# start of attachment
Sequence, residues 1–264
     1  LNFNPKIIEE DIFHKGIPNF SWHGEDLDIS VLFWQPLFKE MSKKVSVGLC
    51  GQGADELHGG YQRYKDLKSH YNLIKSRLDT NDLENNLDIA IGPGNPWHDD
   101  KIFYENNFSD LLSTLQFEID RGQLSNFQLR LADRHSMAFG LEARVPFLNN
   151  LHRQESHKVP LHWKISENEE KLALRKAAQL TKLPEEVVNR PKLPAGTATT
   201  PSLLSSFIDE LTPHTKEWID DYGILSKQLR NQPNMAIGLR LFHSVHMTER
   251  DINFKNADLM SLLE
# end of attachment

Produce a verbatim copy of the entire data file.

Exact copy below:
Sequence, residues 1–264
     1  LNFNPKIIEE DIFHKGIPNF SWHGEDLDIS VLFWQPLFKE MSKKVSVGLC
    51  GQGADELHGG YQRYKDLKSH YNLIKSRLDT NDLENNLDIA IGPGNPWHDD
   101  KIFYENNFSD LLSTLQFEID RGQLSNFQLR LADRHSMAFG LEARVPFLNN
   151  LHRQESHKVP LHWKISENEE KLALRKAAQL TKLPEEVVNR PKLPAGTATT
   201  PSLLSSFIDE LTPHTKEWID DYGILSKQLR NQPNMAIGLR LFHSVHMTER
   251  DINFKNADLM SLLE